Is general manager Jarmo Kekalainen in a position to trade another first-round pick to add to what is a pretty good, but probably not great team? Is there a player available that can a big enough difference to make that worth it? If there is, that player can not be a rental. It has to be a player that has meaningful term left on their contract and can be a part of the organization beyond just this season.

Even if you assume the Blue Jackets will not be able to maintain their current hot streak (and they will cool off at some point) they have at the very least put themselves in a position where they are going to be in the playoff race with a very good chance of making it. This is also not a team in a “rebuild” mode, either. When you are in that position you owe it to your fans and the players in that room to try to win. For the Blue Jackets, it is just a matter of how much they can do and how aggressive they should be over the next few weeks.

Adam Gretz is a writer for Pro Hockey Talk on NBC Sports. Drop him a line at phtblog@nbcsports.com or follow him on Twitter @AGretz.

Surging Blue Jackets finally getting some help

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The Columbus Blue Jackets have been one of the NHL’s hottest teams over the past month-and-a-half, riding a 12-2-4 run over their past 18 games. They have the league’s third-best record (behind only St. Louis and Pittsburgh) during that stretch and have played their way back into playoff contention in the Eastern Conference, entering play on Wednesday in a tie with the Philadelphia Flyers for the second wild card spot.

What makes this run even more impressive is the team has been absolutely ravaged by injuries during that stretch.

The list of injuries includes…

  • Forward Cam Atkinson, a 40-goal scorer a year ago, has missed the past 12 games.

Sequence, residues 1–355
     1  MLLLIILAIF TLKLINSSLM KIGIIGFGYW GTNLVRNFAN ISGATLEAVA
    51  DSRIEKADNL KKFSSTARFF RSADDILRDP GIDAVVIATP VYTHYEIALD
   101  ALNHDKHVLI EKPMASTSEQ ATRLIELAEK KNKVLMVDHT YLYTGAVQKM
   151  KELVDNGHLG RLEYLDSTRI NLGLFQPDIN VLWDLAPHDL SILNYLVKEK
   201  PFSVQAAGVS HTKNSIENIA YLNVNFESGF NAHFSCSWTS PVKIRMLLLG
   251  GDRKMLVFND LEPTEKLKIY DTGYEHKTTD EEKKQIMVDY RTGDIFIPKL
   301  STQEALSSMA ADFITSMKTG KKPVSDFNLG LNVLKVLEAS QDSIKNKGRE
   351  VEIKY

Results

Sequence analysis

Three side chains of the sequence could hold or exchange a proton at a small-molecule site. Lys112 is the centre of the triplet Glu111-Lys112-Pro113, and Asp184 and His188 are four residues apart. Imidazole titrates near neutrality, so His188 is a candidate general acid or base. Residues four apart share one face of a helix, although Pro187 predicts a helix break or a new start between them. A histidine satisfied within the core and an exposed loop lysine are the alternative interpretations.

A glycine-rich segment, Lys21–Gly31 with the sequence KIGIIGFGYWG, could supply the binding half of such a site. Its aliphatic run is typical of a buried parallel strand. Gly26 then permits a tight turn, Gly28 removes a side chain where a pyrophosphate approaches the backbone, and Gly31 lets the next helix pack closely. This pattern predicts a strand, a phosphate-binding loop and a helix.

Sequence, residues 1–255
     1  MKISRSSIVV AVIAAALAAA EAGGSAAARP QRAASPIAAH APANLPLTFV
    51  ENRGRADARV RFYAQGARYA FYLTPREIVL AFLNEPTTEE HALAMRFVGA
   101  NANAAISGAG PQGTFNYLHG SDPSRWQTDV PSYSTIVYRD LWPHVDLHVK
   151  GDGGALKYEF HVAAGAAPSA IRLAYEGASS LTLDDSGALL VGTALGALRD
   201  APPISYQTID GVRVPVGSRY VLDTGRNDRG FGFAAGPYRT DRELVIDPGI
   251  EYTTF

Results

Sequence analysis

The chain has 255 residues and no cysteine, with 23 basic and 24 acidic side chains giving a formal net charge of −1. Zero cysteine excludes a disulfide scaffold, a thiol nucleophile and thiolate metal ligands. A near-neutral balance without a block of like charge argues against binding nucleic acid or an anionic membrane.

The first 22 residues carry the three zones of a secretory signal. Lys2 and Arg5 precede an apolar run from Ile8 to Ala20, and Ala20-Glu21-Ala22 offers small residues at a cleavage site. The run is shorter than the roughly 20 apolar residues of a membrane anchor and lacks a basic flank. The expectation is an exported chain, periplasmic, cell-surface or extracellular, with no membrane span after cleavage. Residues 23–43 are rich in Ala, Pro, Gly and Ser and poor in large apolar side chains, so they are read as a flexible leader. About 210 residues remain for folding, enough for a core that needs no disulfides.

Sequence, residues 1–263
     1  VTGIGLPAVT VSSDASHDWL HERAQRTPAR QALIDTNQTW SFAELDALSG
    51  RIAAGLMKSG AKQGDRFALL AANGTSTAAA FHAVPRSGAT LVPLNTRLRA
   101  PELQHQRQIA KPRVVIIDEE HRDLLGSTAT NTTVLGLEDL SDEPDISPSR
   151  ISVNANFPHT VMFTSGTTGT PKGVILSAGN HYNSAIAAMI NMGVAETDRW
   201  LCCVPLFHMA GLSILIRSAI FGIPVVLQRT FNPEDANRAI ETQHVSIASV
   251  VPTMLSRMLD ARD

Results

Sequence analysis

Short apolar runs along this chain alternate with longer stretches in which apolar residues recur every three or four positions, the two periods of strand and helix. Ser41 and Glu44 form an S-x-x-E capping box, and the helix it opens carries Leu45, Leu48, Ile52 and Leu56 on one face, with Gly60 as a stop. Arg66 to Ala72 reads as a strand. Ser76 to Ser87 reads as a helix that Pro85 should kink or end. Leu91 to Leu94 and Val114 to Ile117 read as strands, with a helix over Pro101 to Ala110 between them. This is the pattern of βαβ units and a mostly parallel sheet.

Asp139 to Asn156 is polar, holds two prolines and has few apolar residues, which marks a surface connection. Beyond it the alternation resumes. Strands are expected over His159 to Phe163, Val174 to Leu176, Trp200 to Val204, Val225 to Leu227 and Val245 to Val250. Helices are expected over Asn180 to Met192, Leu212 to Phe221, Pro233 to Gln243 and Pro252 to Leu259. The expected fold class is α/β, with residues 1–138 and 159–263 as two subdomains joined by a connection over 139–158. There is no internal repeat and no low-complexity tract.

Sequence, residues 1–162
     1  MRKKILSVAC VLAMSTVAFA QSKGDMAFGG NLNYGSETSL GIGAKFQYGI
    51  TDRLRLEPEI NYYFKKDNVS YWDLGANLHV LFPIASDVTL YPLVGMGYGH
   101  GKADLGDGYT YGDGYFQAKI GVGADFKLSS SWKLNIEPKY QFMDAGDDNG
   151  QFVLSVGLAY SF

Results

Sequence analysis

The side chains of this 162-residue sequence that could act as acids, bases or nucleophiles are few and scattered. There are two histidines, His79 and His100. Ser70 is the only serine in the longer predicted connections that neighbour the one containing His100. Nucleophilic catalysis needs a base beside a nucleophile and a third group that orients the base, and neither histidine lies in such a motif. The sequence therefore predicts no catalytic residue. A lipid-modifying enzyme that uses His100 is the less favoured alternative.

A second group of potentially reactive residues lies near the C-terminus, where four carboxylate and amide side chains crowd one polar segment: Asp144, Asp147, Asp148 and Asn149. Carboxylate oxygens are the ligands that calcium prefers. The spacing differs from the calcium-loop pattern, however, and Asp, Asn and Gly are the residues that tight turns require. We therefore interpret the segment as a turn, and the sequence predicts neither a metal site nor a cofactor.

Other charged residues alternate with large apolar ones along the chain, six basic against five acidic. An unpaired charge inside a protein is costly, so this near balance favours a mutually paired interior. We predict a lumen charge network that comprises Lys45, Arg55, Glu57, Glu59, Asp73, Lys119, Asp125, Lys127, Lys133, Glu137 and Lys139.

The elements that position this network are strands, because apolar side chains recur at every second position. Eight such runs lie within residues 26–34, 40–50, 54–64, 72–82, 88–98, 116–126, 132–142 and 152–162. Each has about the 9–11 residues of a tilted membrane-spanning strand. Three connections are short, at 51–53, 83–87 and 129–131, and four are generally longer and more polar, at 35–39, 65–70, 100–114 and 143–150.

• Forward Josh Anderson and defenseman Ryan Murray have not played since Dec. 14 (15 games).
  • Rookie defenseman Andre Peeke has not played since Dec. 17.
  • Oliver Bjorkstrand, who had 12 goals in his first 36 games, has missed the past 11 games.
  • Alexandre Texier, a rookie forward the team had high hopes for at the start, has missed the past seven games.
  • Starting goalie Joonas Korpisalo has missed the past eight games.

On Wednesday the Blue Jackets finally got some good news on the injury front when the team announced that Atkinson and Peeke have been activated from injured reserve (Peeke has since been assigned to the AHL).

Atkinson is expected to be in the lineup on Thursday for a huge game against the Carolina Hurricanes. The Hurricanes are just two points ahead of the Blue Jackets in the standings.

The Atkinson is significant because he is such a huge part of the Blue Jackets’ offense and has been one of the most underrated goal scorers in the entire league the past few seasons. Over the previous three seasons he scored 100 goals in 227 games, a rate that averages out to 36 goals per 82 games. That production is down a little so far this season, but a lot of that drop has been driven by a significant dip in his shooting percentage.

He was already starting to see a bounce back before the injury, scoring five goals in his past eight games.

Blue Jackets keep surprising

Expectations were low for the Blue Jackets at the start of the season after the team lost Artemi Panarin, Sergei Bobrovsky, Matt Duchene, and Ryan Dzingel in free agency. Add in the recent injury situation on top of a slow start, and this team has every possible excuse to have completely gone in the tank. That has not happened.

Even with all of the free agency departures the Blue Jackets still had reasons for optimism this season (we looked at that here and here) because of the young talent still in place. Zach Werenski and Seth Jones form one of the best defense duos in the league, and they have been their usual steady selves this season. Pierre-Luc Dubois is also an emerging star in the NHL and becoming a legit No. 1 center that can impact the game on both sides of the ice.

But perhaps the biggest factor in their ability to remain competitive has been the emerge of Korpisalo, and most recently, Elvis Merzlikins in net.

Goaltending was always going to be the big X-Factor for this team and would strongly dictate what the team could do.